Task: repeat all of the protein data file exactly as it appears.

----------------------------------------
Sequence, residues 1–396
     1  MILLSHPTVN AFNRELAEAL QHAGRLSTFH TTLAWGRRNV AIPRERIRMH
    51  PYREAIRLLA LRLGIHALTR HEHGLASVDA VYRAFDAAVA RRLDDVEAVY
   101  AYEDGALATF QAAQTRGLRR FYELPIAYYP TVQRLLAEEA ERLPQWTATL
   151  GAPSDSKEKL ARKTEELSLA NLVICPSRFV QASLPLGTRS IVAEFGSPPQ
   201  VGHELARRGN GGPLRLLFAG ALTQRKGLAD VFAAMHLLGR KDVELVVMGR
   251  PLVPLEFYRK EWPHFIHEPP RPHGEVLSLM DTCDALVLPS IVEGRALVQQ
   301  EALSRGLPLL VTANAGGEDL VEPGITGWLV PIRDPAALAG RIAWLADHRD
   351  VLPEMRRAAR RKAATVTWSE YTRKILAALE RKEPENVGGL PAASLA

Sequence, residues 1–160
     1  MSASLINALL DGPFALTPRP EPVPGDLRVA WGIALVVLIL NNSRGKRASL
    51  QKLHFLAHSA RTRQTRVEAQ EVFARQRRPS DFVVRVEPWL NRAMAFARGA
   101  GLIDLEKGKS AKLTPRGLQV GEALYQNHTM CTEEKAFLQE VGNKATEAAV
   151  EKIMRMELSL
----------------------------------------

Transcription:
Sequence, residues 1–396
     1  MILLSHPTVN AFNRELAEAL QHAGRLSTFH TTLAWGRRNV AIPRERIRMH
    51  PYREAIRLLA LRLGIHALTR HEHGLASVDA VYRAFDAAVA RRLDDVEAVY
   101  AYEDGALATF QAAQTRGLRR FYELPIAYYP TVQRLLAEEA ERLPQWTATL
   151  GAPSDSKEKL ARKTEELSLA NLVICPSRFV QASLPLGTRS IVAEFGSPPQ
   201  VGHELARRGN GGPLRLLFAG ALTQRKGLAD VFAAMHLLGR KDVELVVMGR
   251  PLVPLEFYRK EWPHFIHEPP RPHGEVLSLM DTCDALVLPS IVEGRALVQQ
   301  EALSRGLPLL VTANAGGEDL VEPGITGWLV PIRDPAALAG RIAWLADHRD
   351  VLPEMRRAAR RKAATVTWSE YTRKILAALE RKEPENVGGL PAASLA

Sequence, residues 1–160
     1  MSASLINALL DGPFALTPRP EPVPGDLRVA WGIALVVLIL NNSRGKRASL
    51  QKLHFLAHSA RTRQTRVEAQ EVFARQRRPS DFVVRVEPWL NRAMAFARGA
   101  GLIDLEKGKS AKLTPRGLQV GEALYQNHTM CTEEKAFLQE VGNKATEAAV
   151  EKIMRMELSL